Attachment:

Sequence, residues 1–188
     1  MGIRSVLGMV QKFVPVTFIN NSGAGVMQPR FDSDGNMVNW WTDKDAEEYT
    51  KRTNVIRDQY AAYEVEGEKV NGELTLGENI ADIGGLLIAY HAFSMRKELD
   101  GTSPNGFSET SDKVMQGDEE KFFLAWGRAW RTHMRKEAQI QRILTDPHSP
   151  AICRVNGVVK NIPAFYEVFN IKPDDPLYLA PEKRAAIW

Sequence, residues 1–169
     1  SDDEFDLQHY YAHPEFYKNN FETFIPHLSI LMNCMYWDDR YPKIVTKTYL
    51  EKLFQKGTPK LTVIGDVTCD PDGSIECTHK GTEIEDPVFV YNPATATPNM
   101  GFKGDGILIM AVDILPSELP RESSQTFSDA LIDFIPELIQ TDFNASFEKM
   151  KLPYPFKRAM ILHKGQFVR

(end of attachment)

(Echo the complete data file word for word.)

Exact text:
Sequence, residues 1–188
     1  MGIRSVLGMV QKFVPVTFIN NSGAGVMQPR FDSDGNMVNW WTDKDAEEYT
    51  KRTNVIRDQY AAYEVEGEKV NGELTLGENI ADIGGLLIAY HAFSMRKELD
   101  GTSPNGFSET SDKVMQGDEE KFFLAWGRAW RTHMRKEAQI QRILTDPHSP
   151  AICRVNGVVK NIPAFYEVFN IKPDDPLYLA PEKRAAIW

Sequence, residues 1–169
     1  SDDEFDLQHY YAHPEFYKNN FETFIPHLSI LMNCMYWDDR YPKIVTKTYL
    51  EKLFQKGTPK LTVIGDVTCD PDGSIECTHK GTEIEDPVFV YNPATATPNM
   101  GFKGDGILIM AVDILPSELP RESSQTFSDA LIDFIPELIQ TDFNASFEKM
   151  KLPYPFKRAM ILHKGQFVR